A 33-year-old man presented to the emergency department after being hit by a car while crossing the street. Physical examination was significant for left orbital contusion without conjunctival hemorrhage, left eyebrow laceration, and a bloody nose. An unenhanced CT of the facial bones was obtained (Figures 1-4).
Multiple facial bone fractures
Transfacial fracture (Le Fort)
Zygomaticomaxillary complex (ZMC) fracture
Naso-orbital-ethmoidal (NOE) fracture
Facial bone fractures are routinely encountered in emergency radiology as the face is commonly involved in trauma. Specifically, traumatic injuries from motor vehicle accidents and assaults are common causes of midfacial fractures in addition to gunshot wounds and falls.1,2
The midface bones support the facial soft tissues and function. These osseous structures are, therefore, often compared to architectural buttresses with the stability of the bony buttresses coming from their attachment to the skull base or cranium.2 Search patterns along common fracture planes should include analysis of the buttresses and associated soft tissues to accurately diagnose and aid in treatment planning.
CT is the initial modality of choice for evaluating facial trauma. Many classic facial bone fractures and fracture patterns have been described, which largely comprise the differential diagnoses initially considered in this case. The radiologist must be ever observant because these fractures may not occur in isolation.
Le Fort fracture patterns are relatively common, occurring in approximately 25% of midface fractures.3 There are 3 Le Fort patterns, each with a unique fracture not seen in the other patterns:
Le Fort I. Fracture of the anterolateral margin of the nasal fossa resulting in separation of the maxillary arch from the skull.
Le Fort II. Fracture of the inferior orbital rim resulting in separation of the maxillary bone from the skull.
Le Fort III. Fracture of the zygomatic arch resulting in separation of the face from the skull.2, 3
Absence of a pterygoid plate fracture rules out a Le Fort fracture as a pterygoid plate fracture is common to all Le Fort fracture patterns. However, the converse is not always true.3 In one study, up to one-third of pterygoid plate fractures were seen in the absence of a Le Fort fracture pattern.4 Pterygoid plate fracture not associated with a Le Fort pattern can be associated with other fracture patterns including ZMC fractures, displaced mandibular fractures, temporal bone fractures, and fractures of the sphenotemporal buttress.4
Presence of a single Le Fort fracture pattern does not exclude an additional Le Fort pattern fracture on the ipsilateral or contralateral side.3,5 The presence of a Le Fort fracture does not exclude other facial fractures including ZMC and NOE fractures.3,5,6
The ZMC is structurally important in maintaining facial width and profile, and fractures have potential to be severely disfiguring.2,6 The zygoma articulates with 4 other facial bones.6 Radiographically, ZMC fractures can affect up to 5 structures including the lateral orbital wall, orbital floor, anterior maxillary wall, lateral maxillary wall, or the zygomatic arch.5 Displaced ZMC fractures can increase orbital volume due to disruption to the lateral orbital wall.2, 6
Isolated nasal bone fractures may occur in low-velocity trauma with more complex NOE fractures involving the nasal bone likely in high-velocity trauma.1,5 NOE fractures occur along 5 fracture planes: the lateral nose and piriform aperture, the nasomaxillary buttress, the inferior orbital rim and floor, the medial orbital wall, and the frontomaxillary suture.6 For a fracture to be classified as NOE, 4 out of 5 planes must be involved. These fractures can be simple or comminuted.6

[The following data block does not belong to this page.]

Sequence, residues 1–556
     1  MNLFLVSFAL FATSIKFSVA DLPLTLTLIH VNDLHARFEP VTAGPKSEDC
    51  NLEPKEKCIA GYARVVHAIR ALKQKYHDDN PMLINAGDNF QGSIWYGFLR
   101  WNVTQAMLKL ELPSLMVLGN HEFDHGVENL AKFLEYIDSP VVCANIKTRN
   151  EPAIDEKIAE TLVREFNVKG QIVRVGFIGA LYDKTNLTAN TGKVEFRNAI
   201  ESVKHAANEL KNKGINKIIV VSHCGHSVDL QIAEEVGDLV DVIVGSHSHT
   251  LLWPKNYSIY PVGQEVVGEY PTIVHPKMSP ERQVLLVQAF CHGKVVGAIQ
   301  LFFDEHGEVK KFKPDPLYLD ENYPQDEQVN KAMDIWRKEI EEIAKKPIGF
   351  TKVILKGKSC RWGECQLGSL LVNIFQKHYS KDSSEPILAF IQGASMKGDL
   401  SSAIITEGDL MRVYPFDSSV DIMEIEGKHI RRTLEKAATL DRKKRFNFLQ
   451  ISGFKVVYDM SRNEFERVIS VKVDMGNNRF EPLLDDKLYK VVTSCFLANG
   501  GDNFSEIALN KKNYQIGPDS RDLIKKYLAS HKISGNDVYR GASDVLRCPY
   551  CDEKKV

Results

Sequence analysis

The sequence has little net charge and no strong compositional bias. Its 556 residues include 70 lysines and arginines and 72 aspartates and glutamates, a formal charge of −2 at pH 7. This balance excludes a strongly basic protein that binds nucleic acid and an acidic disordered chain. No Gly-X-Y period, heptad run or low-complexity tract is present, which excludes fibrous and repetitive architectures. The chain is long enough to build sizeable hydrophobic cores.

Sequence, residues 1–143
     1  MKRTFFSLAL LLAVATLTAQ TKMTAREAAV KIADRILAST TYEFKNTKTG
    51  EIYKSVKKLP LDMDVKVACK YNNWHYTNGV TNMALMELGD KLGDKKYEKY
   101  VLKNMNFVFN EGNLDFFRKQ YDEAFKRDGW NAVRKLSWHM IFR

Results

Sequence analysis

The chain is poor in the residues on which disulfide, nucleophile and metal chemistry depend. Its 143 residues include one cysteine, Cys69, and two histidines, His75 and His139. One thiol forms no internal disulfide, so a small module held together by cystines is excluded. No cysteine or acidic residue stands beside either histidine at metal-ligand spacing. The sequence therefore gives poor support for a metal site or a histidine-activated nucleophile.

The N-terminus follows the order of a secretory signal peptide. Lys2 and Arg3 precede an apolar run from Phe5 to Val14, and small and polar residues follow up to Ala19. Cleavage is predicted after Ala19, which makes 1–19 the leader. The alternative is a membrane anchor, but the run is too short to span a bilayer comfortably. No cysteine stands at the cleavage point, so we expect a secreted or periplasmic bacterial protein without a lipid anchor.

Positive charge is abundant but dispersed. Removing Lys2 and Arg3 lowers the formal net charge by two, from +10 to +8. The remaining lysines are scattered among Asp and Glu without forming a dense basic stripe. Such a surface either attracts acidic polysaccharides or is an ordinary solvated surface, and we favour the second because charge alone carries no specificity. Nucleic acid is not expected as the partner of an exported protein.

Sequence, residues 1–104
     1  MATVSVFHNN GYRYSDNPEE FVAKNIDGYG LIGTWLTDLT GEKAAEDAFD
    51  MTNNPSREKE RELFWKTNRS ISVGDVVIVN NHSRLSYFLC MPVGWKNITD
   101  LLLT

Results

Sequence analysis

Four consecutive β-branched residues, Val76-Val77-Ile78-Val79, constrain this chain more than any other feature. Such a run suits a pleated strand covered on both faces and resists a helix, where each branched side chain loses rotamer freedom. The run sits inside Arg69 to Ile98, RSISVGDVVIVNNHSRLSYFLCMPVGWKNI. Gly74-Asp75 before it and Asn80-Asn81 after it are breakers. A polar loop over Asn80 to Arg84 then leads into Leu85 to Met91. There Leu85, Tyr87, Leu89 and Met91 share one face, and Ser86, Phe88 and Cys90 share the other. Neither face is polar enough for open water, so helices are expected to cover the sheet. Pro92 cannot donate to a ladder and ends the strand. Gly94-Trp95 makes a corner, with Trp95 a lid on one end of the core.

NOE fractures are clinically significant due to involvement of the medial canthal tendon. The Markowitz-Mason classification is used to describe the degree of tendinous injury.2,6
Type I. Fracture of a single large fragment.
Type II. Comminuted fracture with a preserved medial canthal tendon insertion.
Type III. Comminuted fracture involving the medial canthal tendon insertion.
Additional focus should be placed on the nasofrontal ducts, as fracture of the bone around the duct can result in mucocele formation if not properly treated.2
Orbital fractures can occur in isolation or as part of a more complex fracture pattern.2,5 Both Le Fort and ZMC fractures can involve the lateral orbital wall or orbital floor. NOE fractures can involve the medial orbital wall. Orbital fractures can be associated with surgical emergencies if there is entrapment of the ocular muscles or optic nerve.2,5,6 Fracture of the orbital roof can be associated with dural entrapment.2
Orbital fractures have the potential for serious ocular injury including ruptured globe.1 Orbital fractures can be seen in up to 30% of facial fractures.1
Left Le Fort II, Le Fort III, and ZMC fractures. Bilateral orbital fractures.
Trauma resulting in multiple facial bone fractures are common. The interpreting radiologist must be familiar with the gamut of fracture patterns to guide management. This case is an excellent example of multiple fractures and fracture patterns that was accurately diagnosed using a systemic approach. This case also demonstrated a number of potential diagnostic pitfalls including: (1) Multiple Le Fort patterns can be seen on one side, (2) Le Fort fractures can be unilateral and, if bilateral, do not need to demonstrate the same pattern bilaterally, and (3) Le Fort fractures can be seen with additional fracture patterns.
Rosenbaum D, Kamermans E, Koenigsberg RA. Complex Facial Fracture. J Am Osteopath Coll Radiol. 2019;8(3):24-25.